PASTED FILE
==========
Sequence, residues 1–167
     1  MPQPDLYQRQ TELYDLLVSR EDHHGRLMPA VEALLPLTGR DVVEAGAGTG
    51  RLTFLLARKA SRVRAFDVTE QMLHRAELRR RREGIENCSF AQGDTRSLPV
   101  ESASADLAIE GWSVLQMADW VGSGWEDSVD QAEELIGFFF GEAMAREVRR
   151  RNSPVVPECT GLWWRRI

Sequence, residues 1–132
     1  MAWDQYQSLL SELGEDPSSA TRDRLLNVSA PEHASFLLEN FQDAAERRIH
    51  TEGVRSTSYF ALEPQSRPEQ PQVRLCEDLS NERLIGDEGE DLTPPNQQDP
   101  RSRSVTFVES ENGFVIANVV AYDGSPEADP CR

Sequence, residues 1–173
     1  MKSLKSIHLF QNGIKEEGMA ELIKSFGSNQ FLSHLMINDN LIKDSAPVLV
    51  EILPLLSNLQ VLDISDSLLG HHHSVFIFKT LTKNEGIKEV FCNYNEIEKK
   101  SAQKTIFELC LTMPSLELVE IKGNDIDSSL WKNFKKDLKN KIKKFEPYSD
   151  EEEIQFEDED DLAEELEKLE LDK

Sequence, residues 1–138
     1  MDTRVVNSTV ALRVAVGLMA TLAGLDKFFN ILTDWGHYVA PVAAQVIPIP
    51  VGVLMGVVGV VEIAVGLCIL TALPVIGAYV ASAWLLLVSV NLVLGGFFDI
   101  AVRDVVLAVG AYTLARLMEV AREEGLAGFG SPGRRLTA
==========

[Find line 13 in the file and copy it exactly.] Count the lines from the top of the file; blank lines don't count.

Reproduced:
   101  SAQKTIFELC LTMPSLELVE IKGNDIDSSL WKNFKKDLKN KIKKFEPYSD